Kenya, UK pact to boost cancer treatment
Kenya is in the process of implementing a health cooperation deal with the United Kingdom that will boost the number of cancer treatment specialists in the county.
Kenya’s Health Ministry says it plans to send Kenyan doctors to the UK for specialised cancer training to improve access to effective treatment.
The cooperation will also support screening services, early diagnosis, and treatments like radiotherapy and nuclear medicine.
Speaking during a recent visit to the UK, Health Cabinet Secretary Mutahi Kagwe said the development will improve the standard of healthcare through research, workforce training and education of healthcare professionals.
He said the programme will initially focus on improving cancer outcomes through early detection, rapid diagnosis and delivery of high-quality care.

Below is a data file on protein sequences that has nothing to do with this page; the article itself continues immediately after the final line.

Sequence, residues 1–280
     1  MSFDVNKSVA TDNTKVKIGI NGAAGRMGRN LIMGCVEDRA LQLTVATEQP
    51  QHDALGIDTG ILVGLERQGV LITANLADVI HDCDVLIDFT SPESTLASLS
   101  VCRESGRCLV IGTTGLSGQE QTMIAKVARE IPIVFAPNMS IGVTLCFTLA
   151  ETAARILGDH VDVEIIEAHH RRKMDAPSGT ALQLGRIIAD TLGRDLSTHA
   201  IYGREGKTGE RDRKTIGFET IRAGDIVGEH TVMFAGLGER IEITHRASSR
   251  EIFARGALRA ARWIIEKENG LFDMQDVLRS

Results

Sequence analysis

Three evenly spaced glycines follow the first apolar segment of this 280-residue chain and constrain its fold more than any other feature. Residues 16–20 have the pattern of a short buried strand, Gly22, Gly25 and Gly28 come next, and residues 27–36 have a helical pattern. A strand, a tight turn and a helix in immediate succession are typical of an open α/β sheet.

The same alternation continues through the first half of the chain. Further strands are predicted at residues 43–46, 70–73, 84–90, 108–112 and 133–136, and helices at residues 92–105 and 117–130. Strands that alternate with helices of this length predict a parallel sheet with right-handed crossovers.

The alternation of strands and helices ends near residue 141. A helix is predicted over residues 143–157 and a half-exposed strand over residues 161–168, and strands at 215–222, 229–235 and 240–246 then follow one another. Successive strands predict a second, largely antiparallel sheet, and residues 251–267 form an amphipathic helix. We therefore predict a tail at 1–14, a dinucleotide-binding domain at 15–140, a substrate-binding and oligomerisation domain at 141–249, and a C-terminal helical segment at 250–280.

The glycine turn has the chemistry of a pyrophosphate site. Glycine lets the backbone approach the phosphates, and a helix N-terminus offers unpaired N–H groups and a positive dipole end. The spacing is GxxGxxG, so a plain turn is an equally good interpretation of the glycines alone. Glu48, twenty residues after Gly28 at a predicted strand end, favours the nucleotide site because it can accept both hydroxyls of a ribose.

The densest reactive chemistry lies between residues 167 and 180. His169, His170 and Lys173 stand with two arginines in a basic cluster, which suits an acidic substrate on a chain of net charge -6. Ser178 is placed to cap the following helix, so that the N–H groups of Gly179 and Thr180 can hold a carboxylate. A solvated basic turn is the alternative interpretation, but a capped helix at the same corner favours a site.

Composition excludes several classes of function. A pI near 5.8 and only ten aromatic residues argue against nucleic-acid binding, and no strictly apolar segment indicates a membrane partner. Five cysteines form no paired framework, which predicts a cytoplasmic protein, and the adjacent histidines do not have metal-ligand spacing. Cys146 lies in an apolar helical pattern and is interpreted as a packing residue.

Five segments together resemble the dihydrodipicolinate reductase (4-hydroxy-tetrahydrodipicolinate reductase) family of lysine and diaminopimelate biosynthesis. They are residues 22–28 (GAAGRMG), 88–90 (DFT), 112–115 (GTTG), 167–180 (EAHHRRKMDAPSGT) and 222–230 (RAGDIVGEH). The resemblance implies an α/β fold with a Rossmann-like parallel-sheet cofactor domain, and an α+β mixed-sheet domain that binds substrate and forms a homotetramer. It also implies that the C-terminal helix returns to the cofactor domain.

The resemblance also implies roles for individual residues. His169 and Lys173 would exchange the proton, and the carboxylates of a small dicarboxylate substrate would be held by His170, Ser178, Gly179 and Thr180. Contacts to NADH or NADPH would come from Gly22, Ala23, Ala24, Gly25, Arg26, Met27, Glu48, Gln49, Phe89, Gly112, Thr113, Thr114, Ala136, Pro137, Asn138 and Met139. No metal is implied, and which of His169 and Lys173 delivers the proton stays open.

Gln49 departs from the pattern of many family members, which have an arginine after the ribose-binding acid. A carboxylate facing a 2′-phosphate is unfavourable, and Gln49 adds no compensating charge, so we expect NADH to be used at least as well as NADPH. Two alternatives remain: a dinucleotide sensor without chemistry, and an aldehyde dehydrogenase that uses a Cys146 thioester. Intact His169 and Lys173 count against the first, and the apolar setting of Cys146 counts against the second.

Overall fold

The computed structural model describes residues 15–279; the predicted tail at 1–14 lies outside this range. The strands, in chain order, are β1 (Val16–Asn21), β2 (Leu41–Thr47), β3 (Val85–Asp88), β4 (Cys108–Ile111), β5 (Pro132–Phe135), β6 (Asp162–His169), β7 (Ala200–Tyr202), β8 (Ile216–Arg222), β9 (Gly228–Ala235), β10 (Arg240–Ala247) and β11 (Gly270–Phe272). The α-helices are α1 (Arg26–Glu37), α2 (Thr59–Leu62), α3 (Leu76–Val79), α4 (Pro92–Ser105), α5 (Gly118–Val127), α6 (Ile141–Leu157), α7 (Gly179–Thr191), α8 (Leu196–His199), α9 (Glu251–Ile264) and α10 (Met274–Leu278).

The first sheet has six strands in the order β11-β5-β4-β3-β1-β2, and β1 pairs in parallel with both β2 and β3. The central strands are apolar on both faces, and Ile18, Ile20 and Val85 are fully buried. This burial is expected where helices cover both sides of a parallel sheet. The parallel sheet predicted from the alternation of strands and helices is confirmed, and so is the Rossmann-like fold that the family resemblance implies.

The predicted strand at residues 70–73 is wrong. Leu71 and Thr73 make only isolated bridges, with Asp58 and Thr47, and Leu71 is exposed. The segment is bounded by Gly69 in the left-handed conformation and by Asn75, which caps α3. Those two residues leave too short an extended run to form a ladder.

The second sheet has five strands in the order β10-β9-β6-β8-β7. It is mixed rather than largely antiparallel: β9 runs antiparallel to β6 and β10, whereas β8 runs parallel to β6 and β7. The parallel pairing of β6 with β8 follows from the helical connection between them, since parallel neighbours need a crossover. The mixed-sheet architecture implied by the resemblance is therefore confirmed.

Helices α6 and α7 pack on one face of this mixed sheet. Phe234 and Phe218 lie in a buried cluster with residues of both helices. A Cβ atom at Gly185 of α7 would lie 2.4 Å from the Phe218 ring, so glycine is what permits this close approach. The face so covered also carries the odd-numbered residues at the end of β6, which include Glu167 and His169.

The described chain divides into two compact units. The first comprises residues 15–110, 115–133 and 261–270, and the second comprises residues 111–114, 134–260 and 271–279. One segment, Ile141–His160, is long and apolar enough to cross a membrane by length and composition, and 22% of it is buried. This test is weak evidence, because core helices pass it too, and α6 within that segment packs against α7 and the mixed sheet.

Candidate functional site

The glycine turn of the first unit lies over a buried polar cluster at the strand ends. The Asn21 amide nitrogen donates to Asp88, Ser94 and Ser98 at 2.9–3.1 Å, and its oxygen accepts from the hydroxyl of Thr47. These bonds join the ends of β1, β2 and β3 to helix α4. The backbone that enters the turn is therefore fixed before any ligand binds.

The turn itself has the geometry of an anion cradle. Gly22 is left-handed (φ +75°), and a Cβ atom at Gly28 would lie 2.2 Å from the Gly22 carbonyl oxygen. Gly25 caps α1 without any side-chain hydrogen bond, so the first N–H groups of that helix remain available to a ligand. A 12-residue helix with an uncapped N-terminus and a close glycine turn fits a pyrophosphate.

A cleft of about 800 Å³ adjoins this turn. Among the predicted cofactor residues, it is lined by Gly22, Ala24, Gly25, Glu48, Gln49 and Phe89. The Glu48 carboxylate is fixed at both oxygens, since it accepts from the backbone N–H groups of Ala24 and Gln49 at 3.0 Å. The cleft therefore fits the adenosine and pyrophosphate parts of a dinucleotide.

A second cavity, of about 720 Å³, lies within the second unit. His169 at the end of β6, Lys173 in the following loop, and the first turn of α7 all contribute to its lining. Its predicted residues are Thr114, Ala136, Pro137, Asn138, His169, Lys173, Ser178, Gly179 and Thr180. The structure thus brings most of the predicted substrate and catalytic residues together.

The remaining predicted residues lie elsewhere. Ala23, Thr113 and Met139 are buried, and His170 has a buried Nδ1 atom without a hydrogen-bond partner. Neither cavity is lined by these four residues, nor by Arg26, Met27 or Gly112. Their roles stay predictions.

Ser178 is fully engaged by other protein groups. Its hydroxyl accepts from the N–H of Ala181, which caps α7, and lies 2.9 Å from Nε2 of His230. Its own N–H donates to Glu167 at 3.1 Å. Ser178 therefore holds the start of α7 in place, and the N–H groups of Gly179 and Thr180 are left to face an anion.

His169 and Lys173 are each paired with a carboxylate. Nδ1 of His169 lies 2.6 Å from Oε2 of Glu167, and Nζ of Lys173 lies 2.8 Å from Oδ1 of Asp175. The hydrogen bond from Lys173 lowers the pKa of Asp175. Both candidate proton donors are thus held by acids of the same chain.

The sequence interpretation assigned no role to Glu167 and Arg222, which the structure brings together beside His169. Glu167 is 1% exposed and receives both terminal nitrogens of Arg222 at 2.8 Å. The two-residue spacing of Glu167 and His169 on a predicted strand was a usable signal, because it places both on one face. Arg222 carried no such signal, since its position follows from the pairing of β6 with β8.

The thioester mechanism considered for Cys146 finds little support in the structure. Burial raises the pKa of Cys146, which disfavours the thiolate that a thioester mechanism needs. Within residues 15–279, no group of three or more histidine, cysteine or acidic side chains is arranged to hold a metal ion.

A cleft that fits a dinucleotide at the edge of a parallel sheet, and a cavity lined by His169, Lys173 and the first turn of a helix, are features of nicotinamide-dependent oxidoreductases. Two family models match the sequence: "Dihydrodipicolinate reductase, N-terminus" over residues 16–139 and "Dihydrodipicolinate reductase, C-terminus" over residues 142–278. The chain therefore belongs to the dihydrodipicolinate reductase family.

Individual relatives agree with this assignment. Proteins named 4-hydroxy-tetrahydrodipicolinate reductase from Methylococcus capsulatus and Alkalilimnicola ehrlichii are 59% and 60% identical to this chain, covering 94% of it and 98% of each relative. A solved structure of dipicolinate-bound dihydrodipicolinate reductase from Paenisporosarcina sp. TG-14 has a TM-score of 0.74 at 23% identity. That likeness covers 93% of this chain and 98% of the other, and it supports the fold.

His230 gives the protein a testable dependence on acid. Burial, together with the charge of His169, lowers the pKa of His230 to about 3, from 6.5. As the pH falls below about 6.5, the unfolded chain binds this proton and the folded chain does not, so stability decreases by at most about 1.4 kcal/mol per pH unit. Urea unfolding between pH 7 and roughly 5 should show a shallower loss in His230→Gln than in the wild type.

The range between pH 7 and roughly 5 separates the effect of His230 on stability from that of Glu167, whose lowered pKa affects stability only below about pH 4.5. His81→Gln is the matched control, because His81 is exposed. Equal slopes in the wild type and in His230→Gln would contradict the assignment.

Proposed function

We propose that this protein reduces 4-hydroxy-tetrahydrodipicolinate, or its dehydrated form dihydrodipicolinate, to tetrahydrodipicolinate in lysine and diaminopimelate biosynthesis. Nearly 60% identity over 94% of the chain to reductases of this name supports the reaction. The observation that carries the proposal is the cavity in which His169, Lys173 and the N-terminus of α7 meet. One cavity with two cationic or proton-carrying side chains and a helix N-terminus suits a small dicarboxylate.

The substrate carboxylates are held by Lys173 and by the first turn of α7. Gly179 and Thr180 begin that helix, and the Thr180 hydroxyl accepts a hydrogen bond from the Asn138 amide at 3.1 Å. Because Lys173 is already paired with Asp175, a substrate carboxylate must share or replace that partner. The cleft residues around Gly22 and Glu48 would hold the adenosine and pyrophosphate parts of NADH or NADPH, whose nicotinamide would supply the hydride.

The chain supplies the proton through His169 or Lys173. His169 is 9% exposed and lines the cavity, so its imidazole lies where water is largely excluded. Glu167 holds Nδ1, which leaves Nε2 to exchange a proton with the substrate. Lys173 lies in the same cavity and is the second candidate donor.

Kagwe added Kenya and the UK will benefit from each other’s comparative strengths and experiences through mutual agreement.
“We now have more people in the region depending on Nairobi as a result of the partnership between Kenyatta University Teaching and Referral Hospital and the University of Manchester/Christie NHS Foundation Trust that has improved cancer treatment in Kenya and promoted it into a regional hub for cancer management and treatment,” the Health CS said.
The first cohort of cancer treatment specialists from the country is set to travel to Christie Hospital and the Manchester University in the UK as part of a pact between the two countries meant to build capacity in the prevention and management of non-communicable diseases in Kenya with a special emphasis on cancer.